“If I’m hungry,” Bowie says, “I like the Austria Hof, they have a great happy hour.” The “Hof,” as it’s known, is conveniently located at the north end of the Canyon Lodge parking lot. The picturesque hotel houses a low-ceilinged bar where you’re likely to find a gaggle of locals tying one on after a big day. “If I’m trying to be cheap with my ski bum buddies, I’ll go to Slocums,” which is a dark, floral wallpapered bar with brass door handles—the kind of joint where the waitresses wear high heels and ties and they serve a nice dry martini. Their happy hour is notorious as one of the best deals in town (the $5 Fresca is enough reason to visit). “If I’m just trying to get a beer,” Bowie says, “Distant [formerly Black Doubt Brewing] is where I’ll head.”

What’s your favorite post-ski/ride place to grab a bite? Favorite items on the menu?

The above-mentioned Austria Hof is a favorite of Bowie’s—they serve a mix of gastro-pub-ish starters and classic fare like filet mignon and cioppino, plus German specialties like Wienerschnitzel. Bowie’s go-to is the crispy fried caramel pork belly with fried rice. He also loves Slocums happy hour. Their $4 hamburger is basically unbeatable for a cheap fill-up.

What’s your favorite non-ski/ride winter activity?

Bowie loves snowmobiling in the Inyo National Forest, a veritable paradise for tooling around on treads. Bowie doesn’t own a snowmobile (if you don’t either, both Mammoth Mountain gives you the chance to try it out for a day), but he’s got enough “sledneck” buddies that he’s been able to cultivate the hobby. The U.S. Forest Service has created an amazing Eastern Sierra Winter Recreation Map to showcase the multitude of trails and staging areas available to snowmobilers.

Any winter events in town you never miss?

Bowie loves Night of Lights, but he claims you only have to see it once (“it’s too cold! If you’re going to see it more than once, you better be prepared!”). We disagree, but ok. He never misses the Pond Skim (the yearly party in celebration of the closing of Canyon Lodge). Bowie also loves Demo Days (also known as Oakley Week), where a contingent of brand ambassadors set up shop in the Canyon Lodge parking lot for a weekend. It’s a fun, festive atmosphere and a chance to try out the new skis or snowboard you’ve been eyeing all season. “Also, I always look forward to the World Cup,” says Bowie. This event is an Olympic qualifier for skiers and snowboarders, and was last held before the PyeongChang Olympics in 2018. “I can’t say I never miss it, because it doesn’t happen every year, but how can you pass up the opportunity to see Olympians from all over the world compete? My mom will be watching TV, like, ‘Can I see my son in the crowd?’”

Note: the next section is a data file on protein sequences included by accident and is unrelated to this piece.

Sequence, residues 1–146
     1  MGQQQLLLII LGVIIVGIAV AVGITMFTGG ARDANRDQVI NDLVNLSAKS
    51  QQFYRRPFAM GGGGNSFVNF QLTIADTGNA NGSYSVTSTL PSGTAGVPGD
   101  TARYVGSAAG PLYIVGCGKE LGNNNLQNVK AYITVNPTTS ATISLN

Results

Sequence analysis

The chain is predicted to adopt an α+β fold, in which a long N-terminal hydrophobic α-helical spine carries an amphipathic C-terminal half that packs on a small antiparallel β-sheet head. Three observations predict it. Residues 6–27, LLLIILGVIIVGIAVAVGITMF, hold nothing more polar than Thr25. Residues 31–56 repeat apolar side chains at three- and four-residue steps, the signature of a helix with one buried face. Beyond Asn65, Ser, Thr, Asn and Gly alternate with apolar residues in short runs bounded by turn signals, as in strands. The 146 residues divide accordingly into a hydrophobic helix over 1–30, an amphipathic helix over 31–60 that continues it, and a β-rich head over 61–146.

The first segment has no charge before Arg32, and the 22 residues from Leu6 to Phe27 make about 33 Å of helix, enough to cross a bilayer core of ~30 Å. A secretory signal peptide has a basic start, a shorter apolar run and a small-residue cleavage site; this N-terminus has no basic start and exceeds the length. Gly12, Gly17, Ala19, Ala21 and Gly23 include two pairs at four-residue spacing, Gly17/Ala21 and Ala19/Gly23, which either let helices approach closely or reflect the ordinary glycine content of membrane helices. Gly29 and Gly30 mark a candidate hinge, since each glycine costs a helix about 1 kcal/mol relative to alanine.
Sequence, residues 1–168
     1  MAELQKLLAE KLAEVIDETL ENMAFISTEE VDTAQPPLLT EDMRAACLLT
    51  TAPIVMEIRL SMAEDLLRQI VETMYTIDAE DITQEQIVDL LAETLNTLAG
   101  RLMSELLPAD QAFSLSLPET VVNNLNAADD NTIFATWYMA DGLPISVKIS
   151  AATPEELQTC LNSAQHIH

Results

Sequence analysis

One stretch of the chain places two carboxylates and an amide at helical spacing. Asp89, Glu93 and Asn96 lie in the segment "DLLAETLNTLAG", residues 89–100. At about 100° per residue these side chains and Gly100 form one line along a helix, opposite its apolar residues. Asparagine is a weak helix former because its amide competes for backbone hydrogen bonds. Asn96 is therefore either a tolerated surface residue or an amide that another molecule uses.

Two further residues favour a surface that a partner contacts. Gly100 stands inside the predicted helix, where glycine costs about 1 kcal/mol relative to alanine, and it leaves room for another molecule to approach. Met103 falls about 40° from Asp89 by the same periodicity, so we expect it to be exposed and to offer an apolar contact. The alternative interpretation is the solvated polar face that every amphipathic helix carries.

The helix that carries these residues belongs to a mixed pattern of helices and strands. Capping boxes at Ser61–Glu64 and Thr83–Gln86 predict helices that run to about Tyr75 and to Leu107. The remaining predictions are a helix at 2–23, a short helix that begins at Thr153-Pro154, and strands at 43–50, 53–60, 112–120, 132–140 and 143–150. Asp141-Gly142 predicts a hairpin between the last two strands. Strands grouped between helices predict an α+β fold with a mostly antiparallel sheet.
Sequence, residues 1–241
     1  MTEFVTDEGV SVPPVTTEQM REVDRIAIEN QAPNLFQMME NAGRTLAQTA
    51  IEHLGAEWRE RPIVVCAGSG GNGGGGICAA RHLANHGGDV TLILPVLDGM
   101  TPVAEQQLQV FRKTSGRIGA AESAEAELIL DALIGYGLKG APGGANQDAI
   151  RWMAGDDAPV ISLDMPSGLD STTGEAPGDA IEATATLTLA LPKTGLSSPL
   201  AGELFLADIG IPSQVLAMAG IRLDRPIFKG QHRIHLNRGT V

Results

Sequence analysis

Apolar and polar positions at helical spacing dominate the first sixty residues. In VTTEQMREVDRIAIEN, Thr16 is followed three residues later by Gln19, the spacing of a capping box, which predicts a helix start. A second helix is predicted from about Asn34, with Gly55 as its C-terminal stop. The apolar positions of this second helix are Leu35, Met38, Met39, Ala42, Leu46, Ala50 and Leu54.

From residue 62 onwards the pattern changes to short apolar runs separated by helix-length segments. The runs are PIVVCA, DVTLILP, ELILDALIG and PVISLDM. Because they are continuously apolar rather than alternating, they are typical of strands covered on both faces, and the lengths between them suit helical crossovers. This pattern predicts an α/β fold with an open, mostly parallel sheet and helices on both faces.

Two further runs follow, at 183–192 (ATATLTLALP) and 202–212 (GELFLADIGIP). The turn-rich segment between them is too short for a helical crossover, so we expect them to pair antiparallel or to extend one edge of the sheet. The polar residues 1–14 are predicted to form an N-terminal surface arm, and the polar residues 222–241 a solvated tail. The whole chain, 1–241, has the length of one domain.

What keeps you around the Eastern Sierra in summer?

Bowie’s answer is easy: “All the live music.” He’s also partial to the sunsets. “Hot Creek is my favorite place to watch the sunset,” says Bowie, describing the magic hour where steam rising from the geological site frames a massive landscape consisting of Mt. Morrison, Mammoth Mountain, Ritter, Banner and the rest of the Sierra range. “I also love the hot springs at night, laying back in a pool of hot water and seeing the milky way with your naked eye.”

Can you share your best local secret to enjoying Mammoth Lakes?

Rent a boat from Pokonobe Marina and just hang out on Lake Mary,” says Bowie. This chill suggestion exemplifies his style—take it easy, don’t try to see too many things at once, and you’re bound to have a special experience. “I’ve been chilling on Lake Mary and watched a bald eagle splash down and catch a fish right next to me!” He also loves catching lunch or brunch at The Lakefront Restaurant, located within the almost unbearably cozy Tamarack Lodge. Dinners at the Lakefront can be spendy, but dining al fresco on their wood porch on a lazy summer Sunday is the ultimate indulgence, and won’t break the bank.

Sarah Rea

Sarah Rea has lived in the Sierra for 20 years (eight in Yosemite and seven so far in Mammoth Lakes), but has been eating cast iron skillet pancakes for most of her life. She learned how to make soap from bacon grease when she was four and has always loved picking wild berries. She thinks…